There are 4 types of speculators in a stock exchange. They are Bulls, Bears, Stags and Lame Ducks. They are briefly explained below.
A Bull is a speculator who anticipates rise in the price of securities. He buys securities with a view to sell them in future at a higher price and thereby earns profits. In case the prices of securities fall, he loses. He has the option to carry forward the transaction to the next settlement by paying a charge termed, ‘contango’.
In India, a bull is also known as tejiwala. He is said to be a bull because just like a bull which tries to throw its victim up in the air, he expects to profit from increase in share prices.
A Bear is a speculator, who anticipates fall in the price of securities. He sells- securities for future delivery. He sells securities which he does not possess with the hope to buy the securities at a lower price before the date of delivery. In India, a bear is also known as mandiwala.
A stag is bullish in nature. A stag applies for securities of a new company with the idea of selling them at a premium after allotment. His profit is the excess of the price at which he sells his allotment over the amount paid by him while applying. He expects that the prices of securities that he applies for would increase.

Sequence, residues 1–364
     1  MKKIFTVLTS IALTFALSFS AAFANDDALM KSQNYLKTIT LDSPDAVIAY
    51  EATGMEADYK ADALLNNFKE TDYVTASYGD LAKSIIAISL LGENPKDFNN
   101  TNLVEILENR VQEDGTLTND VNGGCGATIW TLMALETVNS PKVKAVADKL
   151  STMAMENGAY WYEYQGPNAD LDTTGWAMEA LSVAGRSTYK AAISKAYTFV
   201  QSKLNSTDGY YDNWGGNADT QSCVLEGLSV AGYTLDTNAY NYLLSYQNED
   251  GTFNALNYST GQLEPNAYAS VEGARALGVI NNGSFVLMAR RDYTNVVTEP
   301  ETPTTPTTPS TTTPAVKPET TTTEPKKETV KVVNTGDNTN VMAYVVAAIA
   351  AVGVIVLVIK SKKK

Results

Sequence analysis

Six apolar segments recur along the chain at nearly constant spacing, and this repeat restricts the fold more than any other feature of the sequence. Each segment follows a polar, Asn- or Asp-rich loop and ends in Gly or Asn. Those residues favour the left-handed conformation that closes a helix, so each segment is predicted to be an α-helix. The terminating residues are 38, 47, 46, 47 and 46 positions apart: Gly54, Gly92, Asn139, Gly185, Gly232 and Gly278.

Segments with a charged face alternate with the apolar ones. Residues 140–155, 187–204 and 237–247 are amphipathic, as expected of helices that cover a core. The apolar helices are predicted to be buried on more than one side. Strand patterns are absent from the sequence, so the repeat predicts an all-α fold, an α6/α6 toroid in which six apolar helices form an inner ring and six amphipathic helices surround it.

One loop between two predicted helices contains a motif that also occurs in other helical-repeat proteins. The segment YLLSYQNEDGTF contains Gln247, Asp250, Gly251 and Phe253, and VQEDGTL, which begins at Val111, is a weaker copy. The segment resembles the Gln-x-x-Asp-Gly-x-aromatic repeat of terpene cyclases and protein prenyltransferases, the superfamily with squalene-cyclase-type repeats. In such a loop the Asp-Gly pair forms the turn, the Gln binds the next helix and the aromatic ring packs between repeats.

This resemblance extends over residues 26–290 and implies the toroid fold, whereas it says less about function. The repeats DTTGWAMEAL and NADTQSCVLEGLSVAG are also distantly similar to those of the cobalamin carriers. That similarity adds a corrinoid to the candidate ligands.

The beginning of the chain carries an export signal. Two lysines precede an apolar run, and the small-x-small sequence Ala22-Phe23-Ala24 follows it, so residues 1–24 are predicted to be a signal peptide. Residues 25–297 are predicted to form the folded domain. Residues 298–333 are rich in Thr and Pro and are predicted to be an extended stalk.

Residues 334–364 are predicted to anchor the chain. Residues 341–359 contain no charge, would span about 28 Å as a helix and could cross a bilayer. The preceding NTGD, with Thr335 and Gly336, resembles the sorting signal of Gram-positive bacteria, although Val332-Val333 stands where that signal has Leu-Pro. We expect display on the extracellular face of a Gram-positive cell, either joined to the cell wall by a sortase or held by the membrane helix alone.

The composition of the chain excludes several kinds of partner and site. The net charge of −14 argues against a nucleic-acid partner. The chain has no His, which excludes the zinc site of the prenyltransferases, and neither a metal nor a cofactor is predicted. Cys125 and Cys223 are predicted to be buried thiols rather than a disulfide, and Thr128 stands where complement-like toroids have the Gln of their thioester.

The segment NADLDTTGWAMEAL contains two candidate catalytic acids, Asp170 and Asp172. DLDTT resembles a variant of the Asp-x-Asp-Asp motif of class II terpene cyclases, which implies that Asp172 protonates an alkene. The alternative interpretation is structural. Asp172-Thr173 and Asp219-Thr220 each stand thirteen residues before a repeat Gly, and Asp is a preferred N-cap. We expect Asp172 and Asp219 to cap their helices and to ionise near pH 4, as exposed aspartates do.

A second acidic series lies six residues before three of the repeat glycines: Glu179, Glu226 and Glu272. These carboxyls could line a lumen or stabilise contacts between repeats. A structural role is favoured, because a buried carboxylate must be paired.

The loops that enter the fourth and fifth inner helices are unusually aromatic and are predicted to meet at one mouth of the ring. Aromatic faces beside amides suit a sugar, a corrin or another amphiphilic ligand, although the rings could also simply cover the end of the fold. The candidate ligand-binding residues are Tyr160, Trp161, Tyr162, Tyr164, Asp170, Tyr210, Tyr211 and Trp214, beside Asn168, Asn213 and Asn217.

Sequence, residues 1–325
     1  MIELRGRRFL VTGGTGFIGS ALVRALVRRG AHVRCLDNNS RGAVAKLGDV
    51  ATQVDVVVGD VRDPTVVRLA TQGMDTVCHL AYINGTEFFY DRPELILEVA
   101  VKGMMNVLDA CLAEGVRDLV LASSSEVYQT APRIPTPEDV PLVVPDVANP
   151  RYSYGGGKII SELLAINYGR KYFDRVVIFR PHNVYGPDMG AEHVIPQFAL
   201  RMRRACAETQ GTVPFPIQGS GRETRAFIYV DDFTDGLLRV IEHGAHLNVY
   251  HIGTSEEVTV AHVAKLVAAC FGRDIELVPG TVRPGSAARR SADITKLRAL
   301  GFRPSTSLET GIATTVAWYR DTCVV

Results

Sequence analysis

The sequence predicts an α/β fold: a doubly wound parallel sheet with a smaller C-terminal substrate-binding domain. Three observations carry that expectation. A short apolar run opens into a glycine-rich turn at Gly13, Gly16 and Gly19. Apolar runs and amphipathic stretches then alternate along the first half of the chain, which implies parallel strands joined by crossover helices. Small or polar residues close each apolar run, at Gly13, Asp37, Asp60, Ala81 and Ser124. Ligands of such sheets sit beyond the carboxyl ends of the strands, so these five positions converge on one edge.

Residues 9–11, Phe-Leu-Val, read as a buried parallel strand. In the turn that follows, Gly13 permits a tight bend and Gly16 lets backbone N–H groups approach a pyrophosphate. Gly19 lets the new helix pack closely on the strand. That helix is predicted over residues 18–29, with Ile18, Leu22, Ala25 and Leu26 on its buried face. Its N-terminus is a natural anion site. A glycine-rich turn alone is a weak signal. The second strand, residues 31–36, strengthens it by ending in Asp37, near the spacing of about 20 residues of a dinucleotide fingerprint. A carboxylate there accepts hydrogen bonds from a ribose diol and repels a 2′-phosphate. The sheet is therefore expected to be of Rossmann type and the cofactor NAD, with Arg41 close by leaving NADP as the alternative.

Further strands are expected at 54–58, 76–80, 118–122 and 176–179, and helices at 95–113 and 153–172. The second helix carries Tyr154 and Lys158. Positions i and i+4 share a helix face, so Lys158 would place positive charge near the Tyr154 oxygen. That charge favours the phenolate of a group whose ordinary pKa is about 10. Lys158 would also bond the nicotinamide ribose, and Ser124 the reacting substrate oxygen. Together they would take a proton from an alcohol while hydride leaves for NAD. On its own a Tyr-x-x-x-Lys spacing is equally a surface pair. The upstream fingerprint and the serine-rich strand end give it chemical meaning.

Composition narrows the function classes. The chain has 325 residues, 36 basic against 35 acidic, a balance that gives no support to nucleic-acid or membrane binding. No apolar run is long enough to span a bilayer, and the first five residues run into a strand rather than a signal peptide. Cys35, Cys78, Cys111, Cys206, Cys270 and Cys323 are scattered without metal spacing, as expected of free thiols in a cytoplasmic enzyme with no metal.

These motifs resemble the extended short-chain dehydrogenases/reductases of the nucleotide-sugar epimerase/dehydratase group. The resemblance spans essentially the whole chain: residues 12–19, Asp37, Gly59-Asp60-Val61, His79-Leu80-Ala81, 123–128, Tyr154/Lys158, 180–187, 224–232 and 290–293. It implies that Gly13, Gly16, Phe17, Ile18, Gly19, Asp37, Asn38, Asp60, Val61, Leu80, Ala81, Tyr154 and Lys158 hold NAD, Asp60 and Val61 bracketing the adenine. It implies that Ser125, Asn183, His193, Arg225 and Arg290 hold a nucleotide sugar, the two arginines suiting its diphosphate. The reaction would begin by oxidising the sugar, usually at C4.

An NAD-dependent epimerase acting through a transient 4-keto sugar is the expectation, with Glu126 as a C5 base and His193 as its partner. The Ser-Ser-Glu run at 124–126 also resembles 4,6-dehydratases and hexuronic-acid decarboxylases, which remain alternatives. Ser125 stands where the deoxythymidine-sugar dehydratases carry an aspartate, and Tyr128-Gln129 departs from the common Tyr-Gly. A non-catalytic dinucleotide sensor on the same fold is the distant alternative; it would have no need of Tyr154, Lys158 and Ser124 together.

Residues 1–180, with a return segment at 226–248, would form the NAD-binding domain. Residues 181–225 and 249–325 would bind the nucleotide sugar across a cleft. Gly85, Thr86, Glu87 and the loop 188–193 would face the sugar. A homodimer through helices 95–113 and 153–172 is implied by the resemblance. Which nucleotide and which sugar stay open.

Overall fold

Let us assume Mr.X applies for 100 shares of Rs.10 each in ABC Ltd., In case he is allotted 100 shares and he sells it for Rs.15, his profit will be Rs.500 (100 x Rs.15 – 100 x Rs. 10).
The activity undertaken by a stag is not free from risk. The price of securities might decline after allotment. This situation can arise even in case of at par issues but happens mostly in case of issues which carry a high premium.
Let us assume Mr.X applies for 100 shares of Rs.10 each issued at Rs.140 premium by ABC Ltd and after allotment, the price declines to Rs.70, he would suffer a loss. His loss would be Rs.8,000 i.e., the difference between the amount realized from sale minus the amount paid on application (100 x Rs.150 — 100 x Rs.70). He would neither earn a profit not incur a loss if he is not allotted securities in a public issue because of over subscription.
4. Lame duck
This refers to the condition of a bear who is not able to meet his commitments. A bear sell securities which he does not hold, with the expectation that prices are going to fall. His intention is to buy them at a lower price later and profit from the difference. On the fixed date he may not be able to deliver the security as it may not be available in the market. The buyer may not be inclined to carry forward the transaction. In such a case, the bear is said to be struggling like a lame duck.